Anti-vaccination police: Ah... [conversation trails off]...

    Glenn Pearce wrote:

    We had the same issue with Midwife, "she's just hungry, keep feeding her"... at Birthcare we had to sign an "offical" waiver form acknolwedging the "dangers" of formula feeding when we had to give topups as well!

    Our experiences seem to be strangely parallel, Glenn. I put this down to too much Latin. (By the way, have you ever found a practical use for anything from all those years of learning Latin -- I know I haven't.)

    Doctor F*cking Lying Beyotch wrote:

    You wanna Public Address Gangsta Parenting Rumble, bring it on!

    As it happens, I'm already fighting a duel to the death with Bart Janssen in the near future (about the pre-eminence, or otherwise, of the Royal Navy in the late 1600s -- it's a question of honour). But, should I survive, I would be more than happy to bring my posse to any playground you care to nominate. However, I warn you that my posse don’t like to be disrespected any more than I do -- so we will all be hopping mad, and extremely ready to rumble!

    James Harton wrote:

    I'm expecting twin boys in February. I really hope that I don't wind up with a Little Rodney Hide and a Little Richard Prebble!

    Hey congratulations, James! Well, according to our Plunket nurse, Bob is practically the worst baby in Christchurch, so I should think your chances are pretty good of having a less nightmarish experience (although, of course, you will have two of them). But best of luck, mate.

    Rob Hosking wrote:

    ... don't talk to me about the F**g Breast Police.

    Sound like you had a very tough time, Rob.

    I guess it's not that I necessarily disagree with everything the Breastapo says -- but I was alarmed by their one-size-fits-all attitude (as Emma points out). The lactation consultant at the presentation that I went to basically had no time for any mother who didn't want to give up her career -- and spend the rest of her life chained to her baby. I thought that was a little unrealistic, myself.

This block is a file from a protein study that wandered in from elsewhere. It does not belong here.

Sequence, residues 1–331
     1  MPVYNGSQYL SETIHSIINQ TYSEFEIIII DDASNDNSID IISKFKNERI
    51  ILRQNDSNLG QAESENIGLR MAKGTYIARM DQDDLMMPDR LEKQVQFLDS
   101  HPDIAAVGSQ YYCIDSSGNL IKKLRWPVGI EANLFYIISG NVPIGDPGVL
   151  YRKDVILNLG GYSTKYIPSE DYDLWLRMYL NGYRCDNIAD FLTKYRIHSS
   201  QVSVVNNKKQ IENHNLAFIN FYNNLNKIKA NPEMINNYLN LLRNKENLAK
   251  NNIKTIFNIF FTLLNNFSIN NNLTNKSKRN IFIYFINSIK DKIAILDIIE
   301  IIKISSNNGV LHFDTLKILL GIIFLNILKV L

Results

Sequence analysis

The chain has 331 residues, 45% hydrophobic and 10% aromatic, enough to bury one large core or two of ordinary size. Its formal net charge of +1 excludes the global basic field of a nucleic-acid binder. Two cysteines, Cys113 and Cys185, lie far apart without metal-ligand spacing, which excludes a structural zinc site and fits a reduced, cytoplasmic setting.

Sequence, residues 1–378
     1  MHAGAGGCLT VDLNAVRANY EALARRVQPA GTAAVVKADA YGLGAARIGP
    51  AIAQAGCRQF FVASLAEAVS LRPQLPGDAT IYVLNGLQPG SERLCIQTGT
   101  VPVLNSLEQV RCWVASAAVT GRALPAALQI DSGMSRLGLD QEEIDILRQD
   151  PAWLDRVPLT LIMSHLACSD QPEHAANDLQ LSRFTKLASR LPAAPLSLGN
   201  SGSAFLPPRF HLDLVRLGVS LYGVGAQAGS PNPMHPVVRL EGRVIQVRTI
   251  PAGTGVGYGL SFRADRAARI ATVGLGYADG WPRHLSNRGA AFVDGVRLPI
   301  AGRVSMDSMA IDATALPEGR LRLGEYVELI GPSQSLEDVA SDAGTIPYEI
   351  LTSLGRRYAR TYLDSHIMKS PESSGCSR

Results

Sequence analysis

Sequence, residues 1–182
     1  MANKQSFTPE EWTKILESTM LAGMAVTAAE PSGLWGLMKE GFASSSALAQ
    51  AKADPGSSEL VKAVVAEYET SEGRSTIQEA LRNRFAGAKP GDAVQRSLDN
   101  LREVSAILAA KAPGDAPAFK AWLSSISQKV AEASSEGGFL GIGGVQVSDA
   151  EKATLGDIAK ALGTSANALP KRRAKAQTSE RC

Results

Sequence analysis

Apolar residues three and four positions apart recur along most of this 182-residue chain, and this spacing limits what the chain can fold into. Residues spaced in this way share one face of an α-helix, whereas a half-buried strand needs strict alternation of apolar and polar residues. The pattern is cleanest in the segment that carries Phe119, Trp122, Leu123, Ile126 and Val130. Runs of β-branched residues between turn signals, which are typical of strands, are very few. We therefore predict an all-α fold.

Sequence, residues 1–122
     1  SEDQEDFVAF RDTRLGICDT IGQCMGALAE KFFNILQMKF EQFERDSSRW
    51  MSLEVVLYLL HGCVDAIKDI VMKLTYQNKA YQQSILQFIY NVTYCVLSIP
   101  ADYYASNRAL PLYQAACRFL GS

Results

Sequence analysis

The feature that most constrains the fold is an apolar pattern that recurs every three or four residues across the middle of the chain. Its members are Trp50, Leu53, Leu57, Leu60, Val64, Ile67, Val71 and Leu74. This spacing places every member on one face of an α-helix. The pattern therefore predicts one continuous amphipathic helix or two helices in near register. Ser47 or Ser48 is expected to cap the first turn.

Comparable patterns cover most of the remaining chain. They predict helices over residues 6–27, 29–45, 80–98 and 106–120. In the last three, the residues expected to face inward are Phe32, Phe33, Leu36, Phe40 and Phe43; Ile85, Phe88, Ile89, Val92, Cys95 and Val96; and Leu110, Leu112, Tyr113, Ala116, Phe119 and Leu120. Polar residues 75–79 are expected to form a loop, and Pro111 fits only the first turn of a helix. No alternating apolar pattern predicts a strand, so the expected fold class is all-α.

Mark Graham wrote:

    Use modern medicine. It works... Put the baby in the baby's room...

    If I wasn't a believer in modern medicine before the baby came along -- I sure as hell am now.

    Putting the baby in another room doesn't seem to be an option for us. If he doesn't get picked up within about five milliseconds, he screams himself to the point of hysteria -- and then it takes ages to calm him down enough to feed. Jennifer suspects that he lives in fear of us abandoning him (with good reason probably, given his behaviour -- the poor chap).

    Kyle Matthews wrote:

    You know your baby has really achieved true nappy power when the poo comes out, changes direction mid-flight, and goes back up the rear of the nappy, escapes the tightly constrained nappy, either pinned or artificial, heads up the back of their singlet and t-shirt, and attains hair. Twice. In one day.

    Yay, something to look forward to...

    Bart Janssen wrote:

    Oh and just a point about milk allergies, the enzymes the body uses to degrade milk change through development. There is every chance that Bob will grow up with no milk allergy in later in life.